High-Throughput Optical Mapping for Accelerated Stress Testing of PV Module Materials

Core Objective: Multi-Scale, Multi-Physics Model

Recipient Sandia National Laboratories (PI: Braid, Jennifer)

Subs Arizona State University

Status Awarded

Abstract Initial power loss immediately following cell fracture is highly variable, as it depends on the crack severity, location, and shape, among other characteristics. The associated power loss in the years of operation following the fracture event is even more difficult to forecast, as the evolution of cell crack properties is not well understood. The goal of this project is to develop a model chain to answer the following questions about PV cell cracks:

  • How does a crack change the electrical properties of a cell and what is the power loss?
  • (How) will the mechanical stress and electrical properties of these cracks evolve?
  • What will be the impact of these cracks on module power in the future?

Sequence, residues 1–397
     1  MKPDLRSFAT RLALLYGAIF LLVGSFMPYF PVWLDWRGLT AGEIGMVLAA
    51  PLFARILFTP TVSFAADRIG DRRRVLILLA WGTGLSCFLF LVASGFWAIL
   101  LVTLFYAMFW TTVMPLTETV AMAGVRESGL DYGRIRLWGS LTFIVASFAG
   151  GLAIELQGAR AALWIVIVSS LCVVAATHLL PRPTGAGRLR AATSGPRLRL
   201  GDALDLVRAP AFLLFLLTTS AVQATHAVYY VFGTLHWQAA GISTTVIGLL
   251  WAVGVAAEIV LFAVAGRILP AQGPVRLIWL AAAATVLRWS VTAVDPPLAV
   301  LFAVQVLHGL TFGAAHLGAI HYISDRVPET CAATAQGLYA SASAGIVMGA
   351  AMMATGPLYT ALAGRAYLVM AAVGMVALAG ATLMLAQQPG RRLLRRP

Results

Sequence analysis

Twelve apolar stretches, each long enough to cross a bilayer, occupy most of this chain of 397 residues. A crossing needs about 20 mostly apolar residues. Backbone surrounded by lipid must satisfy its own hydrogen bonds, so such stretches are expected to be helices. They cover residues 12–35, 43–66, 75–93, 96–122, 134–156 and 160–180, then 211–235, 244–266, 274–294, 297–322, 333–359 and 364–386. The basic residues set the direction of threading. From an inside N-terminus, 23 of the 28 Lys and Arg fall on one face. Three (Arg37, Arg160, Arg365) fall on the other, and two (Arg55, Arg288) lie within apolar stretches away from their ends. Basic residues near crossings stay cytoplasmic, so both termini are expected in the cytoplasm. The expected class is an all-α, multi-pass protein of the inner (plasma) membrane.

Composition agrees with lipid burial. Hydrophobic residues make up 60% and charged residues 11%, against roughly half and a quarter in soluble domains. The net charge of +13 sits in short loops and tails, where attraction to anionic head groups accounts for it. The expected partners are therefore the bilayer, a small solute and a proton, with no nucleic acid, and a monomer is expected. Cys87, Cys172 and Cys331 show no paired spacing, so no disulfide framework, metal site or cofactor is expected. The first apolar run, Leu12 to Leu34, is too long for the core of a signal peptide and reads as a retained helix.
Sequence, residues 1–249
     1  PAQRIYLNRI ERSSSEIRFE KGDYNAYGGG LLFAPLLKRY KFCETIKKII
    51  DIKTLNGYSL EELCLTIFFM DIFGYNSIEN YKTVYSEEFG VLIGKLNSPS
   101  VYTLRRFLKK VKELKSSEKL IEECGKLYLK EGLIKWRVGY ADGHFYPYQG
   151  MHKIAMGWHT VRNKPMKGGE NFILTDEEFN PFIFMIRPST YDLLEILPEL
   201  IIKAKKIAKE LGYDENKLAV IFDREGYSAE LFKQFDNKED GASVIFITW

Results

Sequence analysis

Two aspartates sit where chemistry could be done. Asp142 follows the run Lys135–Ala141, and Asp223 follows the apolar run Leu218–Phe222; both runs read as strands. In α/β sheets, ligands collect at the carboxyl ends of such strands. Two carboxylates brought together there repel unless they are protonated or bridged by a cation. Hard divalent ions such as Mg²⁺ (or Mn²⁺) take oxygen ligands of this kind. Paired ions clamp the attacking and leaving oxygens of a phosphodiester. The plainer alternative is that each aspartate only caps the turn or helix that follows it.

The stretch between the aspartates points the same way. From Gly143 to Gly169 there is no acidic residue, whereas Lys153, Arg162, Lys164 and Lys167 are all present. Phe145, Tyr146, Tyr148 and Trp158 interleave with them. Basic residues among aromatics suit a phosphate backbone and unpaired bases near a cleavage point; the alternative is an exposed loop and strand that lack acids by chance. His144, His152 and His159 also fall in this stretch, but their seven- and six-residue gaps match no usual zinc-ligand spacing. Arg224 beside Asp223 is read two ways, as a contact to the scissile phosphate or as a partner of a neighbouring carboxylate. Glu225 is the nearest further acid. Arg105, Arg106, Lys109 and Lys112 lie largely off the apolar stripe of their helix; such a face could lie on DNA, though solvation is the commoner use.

To address the above questions in a predictive way, we consider cracks as existing physical, mechanical, and electrical features in the silicon PV cell. Crack formation in PV modules is a binary, probabilistic event that is difficult to predict in the real world due to the unpredictability of crack-inducing events. However, the evolution of crack-correlated mechanical and electrical properties under normal operating conditions are well-suited to predictive modeling. This project will establish comprehensive, physics-informed models and tools to quantify cell crack spatial, mechanical, and electrical properties, and predict future crack power loss. We will combine in-situ measurement of internal cell stress, finite element modeling of modules/cells, image and electrical characterization techniques, dynamic mechanical loading, and automated image analysis and parameterization to build a predictive model for cell crack behavior in PV modules.